In my own personal opinion, this is the best story
Stephen King has ever written. Not the most frightening, not the most thrilling, no: but this novel has true literary merit. And a tragic hero (not a mere "protagonist, mind you) who really qualifies for the title.
John Smith (his name immediately marks him out as the "common man") is blessed and cursed with second sight. It began as a minor ability due to a skating accident in his childhood; but when he wins big time at the roulette wheel in a village carnival, this "gift" proves to be his undoing. Because while coming home late from the carnival, the taxi John is travelling in meets with a horrific accident, and he is precipitated into a four-year coma.
While he is asleep, John loses his career, girlfriend, everything. He wakes up a pauper in material terms, but endowed with the full-fledged version of his latent childhood gift.
And thus begins the career of John Smith, the clairvoyant.
As he moves from discovery to horrific discovery, the amount of darkness he unearths in human souls pushes John further and further down into a sort of spiritual abyss. There seems to no purpose to his tragic life, until he meets Greg Stillson, prospective presidential candidate. A casual handshake allows John Smith a look into the cesspit that is the soul of the future president of the USA: and suddenly, he finds that there is something he has to do. Finish of Stillson, before he finishes of civilisation as we know it...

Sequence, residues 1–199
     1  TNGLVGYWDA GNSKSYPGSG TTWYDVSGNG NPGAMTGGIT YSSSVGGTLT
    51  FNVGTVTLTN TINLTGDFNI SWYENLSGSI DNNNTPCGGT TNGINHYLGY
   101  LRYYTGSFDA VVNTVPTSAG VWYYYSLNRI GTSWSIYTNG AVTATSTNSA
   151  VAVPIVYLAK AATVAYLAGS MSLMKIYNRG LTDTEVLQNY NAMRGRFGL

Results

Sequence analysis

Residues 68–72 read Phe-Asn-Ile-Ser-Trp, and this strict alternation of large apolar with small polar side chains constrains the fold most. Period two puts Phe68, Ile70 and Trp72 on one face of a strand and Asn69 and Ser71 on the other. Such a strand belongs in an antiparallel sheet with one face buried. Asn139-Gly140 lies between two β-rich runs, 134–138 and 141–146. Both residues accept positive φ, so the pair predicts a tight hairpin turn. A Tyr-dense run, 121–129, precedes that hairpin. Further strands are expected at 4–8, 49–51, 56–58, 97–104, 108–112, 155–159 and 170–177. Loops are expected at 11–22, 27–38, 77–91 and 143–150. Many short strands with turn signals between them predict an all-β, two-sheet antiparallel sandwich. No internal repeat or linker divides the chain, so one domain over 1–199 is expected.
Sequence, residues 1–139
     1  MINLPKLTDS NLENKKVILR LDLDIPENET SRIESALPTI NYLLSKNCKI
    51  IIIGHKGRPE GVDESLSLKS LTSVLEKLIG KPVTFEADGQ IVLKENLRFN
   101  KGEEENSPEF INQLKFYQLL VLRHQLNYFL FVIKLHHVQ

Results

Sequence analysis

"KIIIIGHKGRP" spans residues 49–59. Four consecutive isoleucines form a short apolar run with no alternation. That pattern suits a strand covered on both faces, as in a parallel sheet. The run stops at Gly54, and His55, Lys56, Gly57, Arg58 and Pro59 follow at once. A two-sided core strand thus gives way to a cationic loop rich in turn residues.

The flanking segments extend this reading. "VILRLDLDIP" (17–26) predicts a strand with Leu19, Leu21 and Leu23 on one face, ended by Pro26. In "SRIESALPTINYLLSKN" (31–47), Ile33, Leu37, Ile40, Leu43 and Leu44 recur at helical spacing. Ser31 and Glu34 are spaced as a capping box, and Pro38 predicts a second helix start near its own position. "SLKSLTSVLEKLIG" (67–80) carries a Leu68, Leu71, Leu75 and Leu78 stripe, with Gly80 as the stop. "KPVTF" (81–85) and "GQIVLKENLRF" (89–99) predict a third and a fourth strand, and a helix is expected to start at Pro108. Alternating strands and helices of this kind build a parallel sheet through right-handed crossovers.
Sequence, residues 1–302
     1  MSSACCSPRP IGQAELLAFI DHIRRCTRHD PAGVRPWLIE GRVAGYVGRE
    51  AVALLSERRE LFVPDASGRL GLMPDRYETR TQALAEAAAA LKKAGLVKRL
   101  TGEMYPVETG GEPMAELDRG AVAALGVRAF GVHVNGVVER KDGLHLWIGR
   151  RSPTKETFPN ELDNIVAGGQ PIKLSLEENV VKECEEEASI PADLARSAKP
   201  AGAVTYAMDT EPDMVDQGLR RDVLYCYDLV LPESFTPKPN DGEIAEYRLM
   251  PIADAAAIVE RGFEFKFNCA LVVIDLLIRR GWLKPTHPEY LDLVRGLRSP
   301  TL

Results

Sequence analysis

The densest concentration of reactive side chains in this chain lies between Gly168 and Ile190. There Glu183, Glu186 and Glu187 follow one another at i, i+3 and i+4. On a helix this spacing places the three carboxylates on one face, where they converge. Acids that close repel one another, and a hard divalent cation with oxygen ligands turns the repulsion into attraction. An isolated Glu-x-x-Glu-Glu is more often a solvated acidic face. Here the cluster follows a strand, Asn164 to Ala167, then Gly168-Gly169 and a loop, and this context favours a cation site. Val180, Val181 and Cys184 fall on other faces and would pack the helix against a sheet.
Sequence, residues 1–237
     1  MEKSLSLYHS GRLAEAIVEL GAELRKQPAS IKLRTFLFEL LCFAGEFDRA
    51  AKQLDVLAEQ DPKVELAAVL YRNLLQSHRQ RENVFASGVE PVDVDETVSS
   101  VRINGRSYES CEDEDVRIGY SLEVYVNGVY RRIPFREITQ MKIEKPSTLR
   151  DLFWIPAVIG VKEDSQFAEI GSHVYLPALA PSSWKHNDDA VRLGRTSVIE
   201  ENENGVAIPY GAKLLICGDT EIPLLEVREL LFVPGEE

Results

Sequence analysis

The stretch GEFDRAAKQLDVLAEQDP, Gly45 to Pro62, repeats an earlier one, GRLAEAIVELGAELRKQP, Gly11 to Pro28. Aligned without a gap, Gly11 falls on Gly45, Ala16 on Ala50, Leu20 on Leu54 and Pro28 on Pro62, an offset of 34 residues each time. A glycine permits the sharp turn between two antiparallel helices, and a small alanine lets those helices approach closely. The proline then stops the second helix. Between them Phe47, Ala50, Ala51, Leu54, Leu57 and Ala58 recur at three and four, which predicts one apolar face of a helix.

There is horror in this novel. But it is not supernatural, oh no: John's supernatural power is benign. The horror is in what that power unearths. Yes, Greg Stillson is the boogeyman in this story.One must pay homage to Stephen King's gift of seeing into the future. At the time the novel was written, people would have laughed at the idea that a secular democracy would elect a blackguard like Stillson into office. I would humbly suggest that events of the past two decades have convinced me otherwise.
This is one of the most meticulously crafted books that I have read. John's and Greg's careers start simultaneously, sure to meet at some point of time: yet King weaves the narrative so expertly that when the meeting finally takes place, there is no sense of the let-down of predestination. And the denouement (like in 11.22.63
) is totally unexpected.
The last chapter, "Notes from the Dead Zone", is one of the most beautiful passages of prose in my experience. Stephen King rises almost to the level of a poet here, the way the words flow.
Five stars, all the way.